I can’t believe it’s been six months since I started at the Bangor Daily News as a visual journalist. Time sure does fly when you’re getting shipped off to different parts of the state.
To be honest I wasn’t really sure what to expect when I first started here. I’ve been to Maine a few times, and to Bangor specifically, to visit friends, but didn’t know much more about it other than it gets cold in the winter.
To give a little back history of me, I grew up in Canfield, Ohio. The buckeye state. I went to school in Upstate New York at RIT (go Tigers!), then from there I’ve pretty much been a gypsy. I’ve lived in six states in six years. New York, Massachusetts, Michigan, Indiana, Vermont, and now Maine. Some of these places I’ve worked at newspapers, some I’ve freelanced or interned at, others I worked for photo related companies. All of them have allowed me to grow in some aspect of photography.
When I saw the opening at the BDN, I knew it would be a perfect fit. Maine seemed like a great place to explore more, and the staff really pushed how to present stories online.
Some of the assignments I’ve had are ones I would have never been able to cover had I not had this job. I’ve covered your daily assignments of press conferences and high school sports, but I’ve also been given the opportunities to cover national news and some really fun features.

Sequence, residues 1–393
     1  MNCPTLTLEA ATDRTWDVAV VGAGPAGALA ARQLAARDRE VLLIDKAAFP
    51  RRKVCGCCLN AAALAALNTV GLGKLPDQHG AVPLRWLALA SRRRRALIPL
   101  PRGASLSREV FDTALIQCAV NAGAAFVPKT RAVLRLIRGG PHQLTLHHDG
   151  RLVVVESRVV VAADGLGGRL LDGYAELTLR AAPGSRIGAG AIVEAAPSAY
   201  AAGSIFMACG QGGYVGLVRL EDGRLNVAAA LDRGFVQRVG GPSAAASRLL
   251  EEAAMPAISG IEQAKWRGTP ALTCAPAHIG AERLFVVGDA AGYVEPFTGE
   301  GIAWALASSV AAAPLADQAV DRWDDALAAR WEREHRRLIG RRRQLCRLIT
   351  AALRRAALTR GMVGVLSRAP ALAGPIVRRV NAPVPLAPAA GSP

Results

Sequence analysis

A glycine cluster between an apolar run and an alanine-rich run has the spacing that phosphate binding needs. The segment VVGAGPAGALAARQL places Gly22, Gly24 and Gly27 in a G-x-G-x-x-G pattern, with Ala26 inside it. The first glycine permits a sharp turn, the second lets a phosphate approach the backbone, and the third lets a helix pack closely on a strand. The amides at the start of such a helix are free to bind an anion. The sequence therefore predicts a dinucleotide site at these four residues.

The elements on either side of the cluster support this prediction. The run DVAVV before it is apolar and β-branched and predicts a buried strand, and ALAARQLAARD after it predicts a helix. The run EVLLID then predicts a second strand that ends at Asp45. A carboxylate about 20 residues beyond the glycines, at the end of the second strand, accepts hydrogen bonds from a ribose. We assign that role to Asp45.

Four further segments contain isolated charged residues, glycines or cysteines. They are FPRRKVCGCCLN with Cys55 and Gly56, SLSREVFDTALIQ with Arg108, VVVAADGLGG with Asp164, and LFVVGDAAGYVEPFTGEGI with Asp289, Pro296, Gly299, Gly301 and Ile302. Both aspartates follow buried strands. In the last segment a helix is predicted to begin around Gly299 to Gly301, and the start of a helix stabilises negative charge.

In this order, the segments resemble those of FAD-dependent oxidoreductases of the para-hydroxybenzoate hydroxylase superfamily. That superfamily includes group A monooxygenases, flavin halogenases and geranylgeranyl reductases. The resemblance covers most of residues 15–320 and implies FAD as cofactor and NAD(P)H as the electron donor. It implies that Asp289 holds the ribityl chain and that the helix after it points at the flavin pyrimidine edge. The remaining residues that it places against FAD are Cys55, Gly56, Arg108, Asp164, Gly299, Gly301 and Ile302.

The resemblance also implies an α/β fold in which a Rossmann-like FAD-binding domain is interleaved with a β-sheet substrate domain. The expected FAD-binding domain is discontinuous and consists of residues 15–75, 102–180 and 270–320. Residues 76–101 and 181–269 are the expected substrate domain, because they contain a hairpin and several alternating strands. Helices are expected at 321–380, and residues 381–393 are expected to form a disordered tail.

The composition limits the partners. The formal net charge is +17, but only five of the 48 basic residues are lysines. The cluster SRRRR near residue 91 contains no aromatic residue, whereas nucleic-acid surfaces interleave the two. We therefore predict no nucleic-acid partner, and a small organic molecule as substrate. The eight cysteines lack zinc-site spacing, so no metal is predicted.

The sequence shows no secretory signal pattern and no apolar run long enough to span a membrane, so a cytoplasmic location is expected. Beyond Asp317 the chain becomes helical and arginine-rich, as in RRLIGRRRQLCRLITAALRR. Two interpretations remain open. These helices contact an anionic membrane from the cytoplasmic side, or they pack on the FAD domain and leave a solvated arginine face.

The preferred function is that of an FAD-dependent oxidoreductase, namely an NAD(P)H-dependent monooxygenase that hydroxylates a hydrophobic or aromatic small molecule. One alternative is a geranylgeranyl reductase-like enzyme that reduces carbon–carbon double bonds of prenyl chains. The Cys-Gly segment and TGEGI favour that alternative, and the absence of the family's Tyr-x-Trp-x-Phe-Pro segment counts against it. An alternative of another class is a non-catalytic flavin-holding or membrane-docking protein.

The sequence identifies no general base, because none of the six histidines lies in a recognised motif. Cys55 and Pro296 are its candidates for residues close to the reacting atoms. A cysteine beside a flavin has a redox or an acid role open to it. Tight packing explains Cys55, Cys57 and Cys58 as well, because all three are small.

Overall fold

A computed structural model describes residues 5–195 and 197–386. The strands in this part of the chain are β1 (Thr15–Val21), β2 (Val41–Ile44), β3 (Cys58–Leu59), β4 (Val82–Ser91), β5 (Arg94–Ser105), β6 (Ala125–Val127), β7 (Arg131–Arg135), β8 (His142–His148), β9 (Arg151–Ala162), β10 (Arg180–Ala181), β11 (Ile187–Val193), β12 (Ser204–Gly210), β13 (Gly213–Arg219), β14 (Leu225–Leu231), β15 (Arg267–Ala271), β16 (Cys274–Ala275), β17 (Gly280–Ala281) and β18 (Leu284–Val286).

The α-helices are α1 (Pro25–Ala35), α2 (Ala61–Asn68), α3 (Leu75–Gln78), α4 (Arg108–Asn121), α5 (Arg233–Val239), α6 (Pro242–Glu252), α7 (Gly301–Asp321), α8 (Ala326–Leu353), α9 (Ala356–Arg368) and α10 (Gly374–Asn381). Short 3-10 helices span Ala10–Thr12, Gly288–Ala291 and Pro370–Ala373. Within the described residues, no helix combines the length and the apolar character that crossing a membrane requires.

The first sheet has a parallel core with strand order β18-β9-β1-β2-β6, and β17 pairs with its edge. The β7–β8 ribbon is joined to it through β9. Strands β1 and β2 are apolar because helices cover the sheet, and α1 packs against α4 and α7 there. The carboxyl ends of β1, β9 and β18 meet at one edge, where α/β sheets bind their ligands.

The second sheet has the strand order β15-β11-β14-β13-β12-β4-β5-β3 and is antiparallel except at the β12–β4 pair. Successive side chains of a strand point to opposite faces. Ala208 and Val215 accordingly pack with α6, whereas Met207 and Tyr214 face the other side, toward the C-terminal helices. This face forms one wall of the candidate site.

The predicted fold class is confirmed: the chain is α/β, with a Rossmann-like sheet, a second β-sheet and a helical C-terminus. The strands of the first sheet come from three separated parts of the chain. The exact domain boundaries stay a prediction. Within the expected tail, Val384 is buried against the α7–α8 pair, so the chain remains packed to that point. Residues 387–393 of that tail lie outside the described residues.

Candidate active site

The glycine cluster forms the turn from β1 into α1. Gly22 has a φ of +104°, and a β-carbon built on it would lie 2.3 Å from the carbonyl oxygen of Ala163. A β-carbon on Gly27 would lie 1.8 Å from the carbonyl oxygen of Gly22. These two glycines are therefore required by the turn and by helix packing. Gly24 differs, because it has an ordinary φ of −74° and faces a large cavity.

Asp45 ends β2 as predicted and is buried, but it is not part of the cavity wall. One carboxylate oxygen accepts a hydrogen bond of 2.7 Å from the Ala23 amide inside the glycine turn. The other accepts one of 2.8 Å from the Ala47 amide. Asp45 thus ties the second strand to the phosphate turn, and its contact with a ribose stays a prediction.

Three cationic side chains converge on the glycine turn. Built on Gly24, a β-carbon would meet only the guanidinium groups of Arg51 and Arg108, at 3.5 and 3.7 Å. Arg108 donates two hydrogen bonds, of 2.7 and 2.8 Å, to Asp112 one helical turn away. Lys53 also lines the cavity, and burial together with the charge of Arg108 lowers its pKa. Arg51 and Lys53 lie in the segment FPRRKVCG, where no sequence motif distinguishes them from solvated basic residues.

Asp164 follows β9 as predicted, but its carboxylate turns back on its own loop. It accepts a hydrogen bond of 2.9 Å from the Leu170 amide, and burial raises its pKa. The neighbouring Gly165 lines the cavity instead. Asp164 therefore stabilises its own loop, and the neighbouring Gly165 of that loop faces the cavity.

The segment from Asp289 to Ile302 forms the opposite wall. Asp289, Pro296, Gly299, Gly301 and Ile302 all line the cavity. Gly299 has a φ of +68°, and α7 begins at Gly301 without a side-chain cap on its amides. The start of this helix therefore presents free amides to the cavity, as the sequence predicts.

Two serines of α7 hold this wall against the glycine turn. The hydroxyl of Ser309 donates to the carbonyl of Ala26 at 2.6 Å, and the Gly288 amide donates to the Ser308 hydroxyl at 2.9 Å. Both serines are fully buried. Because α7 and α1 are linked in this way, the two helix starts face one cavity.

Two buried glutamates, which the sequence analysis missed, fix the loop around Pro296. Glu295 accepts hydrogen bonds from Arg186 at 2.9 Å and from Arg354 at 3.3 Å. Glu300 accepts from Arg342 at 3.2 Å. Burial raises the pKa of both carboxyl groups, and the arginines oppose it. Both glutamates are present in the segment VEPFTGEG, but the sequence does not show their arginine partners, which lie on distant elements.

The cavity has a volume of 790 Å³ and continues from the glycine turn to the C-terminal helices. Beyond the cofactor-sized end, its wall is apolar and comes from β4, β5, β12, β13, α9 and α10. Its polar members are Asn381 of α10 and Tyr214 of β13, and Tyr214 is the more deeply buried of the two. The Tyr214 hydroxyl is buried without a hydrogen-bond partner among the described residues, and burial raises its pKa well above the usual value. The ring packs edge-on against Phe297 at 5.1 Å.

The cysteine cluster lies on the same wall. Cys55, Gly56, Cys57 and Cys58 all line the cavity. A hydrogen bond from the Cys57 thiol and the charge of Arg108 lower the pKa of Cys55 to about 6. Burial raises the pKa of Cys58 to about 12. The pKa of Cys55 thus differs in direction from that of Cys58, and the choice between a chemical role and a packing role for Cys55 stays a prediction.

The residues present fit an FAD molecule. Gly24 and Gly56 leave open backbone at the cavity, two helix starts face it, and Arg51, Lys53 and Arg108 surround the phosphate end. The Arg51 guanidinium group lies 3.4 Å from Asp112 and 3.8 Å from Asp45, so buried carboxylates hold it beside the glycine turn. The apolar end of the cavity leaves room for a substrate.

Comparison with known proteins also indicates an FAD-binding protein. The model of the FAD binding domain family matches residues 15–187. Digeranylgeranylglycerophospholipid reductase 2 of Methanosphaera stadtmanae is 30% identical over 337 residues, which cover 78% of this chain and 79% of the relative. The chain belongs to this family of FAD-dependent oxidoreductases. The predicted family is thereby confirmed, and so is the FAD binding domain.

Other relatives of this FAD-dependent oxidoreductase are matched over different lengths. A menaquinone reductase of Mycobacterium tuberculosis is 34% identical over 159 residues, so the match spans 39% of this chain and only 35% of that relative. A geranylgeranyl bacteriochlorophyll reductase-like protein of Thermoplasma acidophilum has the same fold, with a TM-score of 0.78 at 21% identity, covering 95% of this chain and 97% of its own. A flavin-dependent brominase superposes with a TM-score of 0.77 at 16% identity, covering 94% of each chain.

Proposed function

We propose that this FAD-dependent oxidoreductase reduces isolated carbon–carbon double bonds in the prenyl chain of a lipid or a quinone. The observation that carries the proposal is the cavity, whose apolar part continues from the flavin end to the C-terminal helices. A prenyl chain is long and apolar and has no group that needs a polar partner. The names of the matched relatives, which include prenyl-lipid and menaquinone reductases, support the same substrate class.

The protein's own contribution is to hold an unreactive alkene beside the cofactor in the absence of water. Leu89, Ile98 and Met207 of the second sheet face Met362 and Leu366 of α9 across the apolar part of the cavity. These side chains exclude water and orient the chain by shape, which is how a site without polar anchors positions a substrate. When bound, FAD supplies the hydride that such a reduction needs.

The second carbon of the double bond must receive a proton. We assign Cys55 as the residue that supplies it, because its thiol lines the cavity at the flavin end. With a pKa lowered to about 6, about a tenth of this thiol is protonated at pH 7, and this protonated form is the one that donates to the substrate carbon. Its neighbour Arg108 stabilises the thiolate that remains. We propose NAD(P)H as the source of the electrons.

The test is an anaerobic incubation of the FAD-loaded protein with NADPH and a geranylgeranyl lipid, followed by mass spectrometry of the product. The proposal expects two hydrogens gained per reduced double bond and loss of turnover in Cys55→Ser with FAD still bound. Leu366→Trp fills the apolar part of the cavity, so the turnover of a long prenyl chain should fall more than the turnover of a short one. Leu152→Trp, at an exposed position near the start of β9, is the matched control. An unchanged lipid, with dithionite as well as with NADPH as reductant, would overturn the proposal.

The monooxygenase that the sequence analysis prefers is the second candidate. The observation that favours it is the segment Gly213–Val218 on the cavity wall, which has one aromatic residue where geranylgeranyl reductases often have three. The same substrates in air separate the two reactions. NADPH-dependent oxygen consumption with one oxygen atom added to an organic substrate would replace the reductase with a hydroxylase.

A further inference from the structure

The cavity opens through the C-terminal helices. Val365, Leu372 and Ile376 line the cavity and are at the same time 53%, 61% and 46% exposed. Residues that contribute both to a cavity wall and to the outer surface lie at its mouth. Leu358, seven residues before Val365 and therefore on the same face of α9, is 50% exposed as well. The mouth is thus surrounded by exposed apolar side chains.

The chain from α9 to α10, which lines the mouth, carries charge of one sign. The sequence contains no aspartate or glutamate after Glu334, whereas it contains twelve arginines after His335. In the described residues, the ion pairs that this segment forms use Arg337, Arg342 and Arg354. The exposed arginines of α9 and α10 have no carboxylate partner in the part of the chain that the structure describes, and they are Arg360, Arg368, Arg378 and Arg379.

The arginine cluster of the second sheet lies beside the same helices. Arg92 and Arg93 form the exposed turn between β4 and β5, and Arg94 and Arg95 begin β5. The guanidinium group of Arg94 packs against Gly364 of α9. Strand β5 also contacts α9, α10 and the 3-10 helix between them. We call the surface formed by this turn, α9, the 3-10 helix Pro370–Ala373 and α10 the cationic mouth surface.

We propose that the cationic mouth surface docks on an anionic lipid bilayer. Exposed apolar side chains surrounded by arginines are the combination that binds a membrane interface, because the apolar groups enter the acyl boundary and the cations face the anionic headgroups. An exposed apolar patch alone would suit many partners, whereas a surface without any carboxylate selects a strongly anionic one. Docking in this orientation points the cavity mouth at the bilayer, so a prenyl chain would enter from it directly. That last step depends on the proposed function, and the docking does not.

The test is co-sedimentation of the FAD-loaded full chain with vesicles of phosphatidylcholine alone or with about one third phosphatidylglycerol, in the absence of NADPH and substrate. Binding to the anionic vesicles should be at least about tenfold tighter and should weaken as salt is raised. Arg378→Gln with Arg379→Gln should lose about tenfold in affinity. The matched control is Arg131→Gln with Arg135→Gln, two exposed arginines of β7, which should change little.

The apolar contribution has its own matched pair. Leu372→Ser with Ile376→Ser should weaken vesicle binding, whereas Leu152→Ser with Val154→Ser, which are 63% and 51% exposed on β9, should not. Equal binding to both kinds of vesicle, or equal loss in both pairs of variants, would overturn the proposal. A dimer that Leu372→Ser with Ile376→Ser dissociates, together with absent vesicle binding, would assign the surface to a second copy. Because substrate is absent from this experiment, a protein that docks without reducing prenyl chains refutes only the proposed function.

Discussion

I’ve been to the County more times than some people who have worked here for years have. My second month I was shipped up north for two weekends in August to cover the 2014 World Acadian Congress, a huge festival of Acadian and Cajun culture and history, held every five years. I was totally unfamiliar with Acadian culture, but dove right in and was able to learn so much.
Recently, I was sent up north again to cover the Kaci Hickox, Ebola quarantine story. This was my first time dealing with national news and the media that comes along with it. For four days I spent about 16 years each day staking out Ms. Hickox’s home with 40 other journalists to see what her next move would be. My photos ended up getting national play on Good Morning America, The New York Times, and various other publications. It’s really cool to see your hard work plastered everywhere.
But this isn’t why I got into this journalism. It wasn’t to have my photos go viral, or to hit huge publications. Instead, it’s to help tell the stories of the people of Maine.
A few of those assignments that stick out are Bangor police chief Don Winslow’s funeral, a special performance from the Bangor Band to honor Henry F. Watson, Saint George Greek Orthodox Church moving forward after their priest was arrested, independent logger Tom Pelkey whose business would be impacted from the Verso Paper mill closing, and Bob and Julie Miner who own and run DEW Animal Kingdom & Sanctuary.
All of these people opened their lives to me and allowed me access that many other people would never be able to have. I’ve seen communities come together to help each other out in times of need. I’ve seen the good in people, and I’ve seen the bad. I’ve held people’s hands when they’ve felt scared. I’ve hugged them. I’ve lent my shoulder for them to cry on. I’ve ran through sprinklers and shared meals with them. I’ve given away many high-fives and laughs and they’ve given them right back. I wouldn’t change a thing. I haven’t worked a day at this job yet.
I’m beyond stoked to meet more people as my journey at the BDN continues.